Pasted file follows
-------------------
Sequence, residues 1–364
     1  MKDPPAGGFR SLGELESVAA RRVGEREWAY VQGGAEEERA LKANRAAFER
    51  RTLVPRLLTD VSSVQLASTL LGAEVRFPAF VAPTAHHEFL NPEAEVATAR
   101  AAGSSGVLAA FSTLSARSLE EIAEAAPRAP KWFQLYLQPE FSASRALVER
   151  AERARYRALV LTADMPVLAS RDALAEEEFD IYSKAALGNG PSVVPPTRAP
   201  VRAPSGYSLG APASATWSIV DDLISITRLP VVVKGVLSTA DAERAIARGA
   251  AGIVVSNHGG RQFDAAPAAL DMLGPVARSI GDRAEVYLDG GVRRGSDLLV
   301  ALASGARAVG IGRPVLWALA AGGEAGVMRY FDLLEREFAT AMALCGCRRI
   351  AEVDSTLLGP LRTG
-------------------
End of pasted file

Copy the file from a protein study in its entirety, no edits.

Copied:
Sequence, residues 1–364
     1  MKDPPAGGFR SLGELESVAA RRVGEREWAY VQGGAEEERA LKANRAAFER
    51  RTLVPRLLTD VSSVQLASTL LGAEVRFPAF VAPTAHHEFL NPEAEVATAR
   101  AAGSSGVLAA FSTLSARSLE EIAEAAPRAP KWFQLYLQPE FSASRALVER
   151  AERARYRALV LTADMPVLAS RDALAEEEFD IYSKAALGNG PSVVPPTRAP
   201  VRAPSGYSLG APASATWSIV DDLISITRLP VVVKGVLSTA DAERAIARGA
   251  AGIVVSNHGG RQFDAAPAAL DMLGPVARSI GDRAEVYLDG GVRRGSDLLV
   301  ALASGARAVG IGRPVLWALA AGGEAGVMRY FDLLEREFAT AMALCGCRRI
   351  AEVDSTLLGP LRTG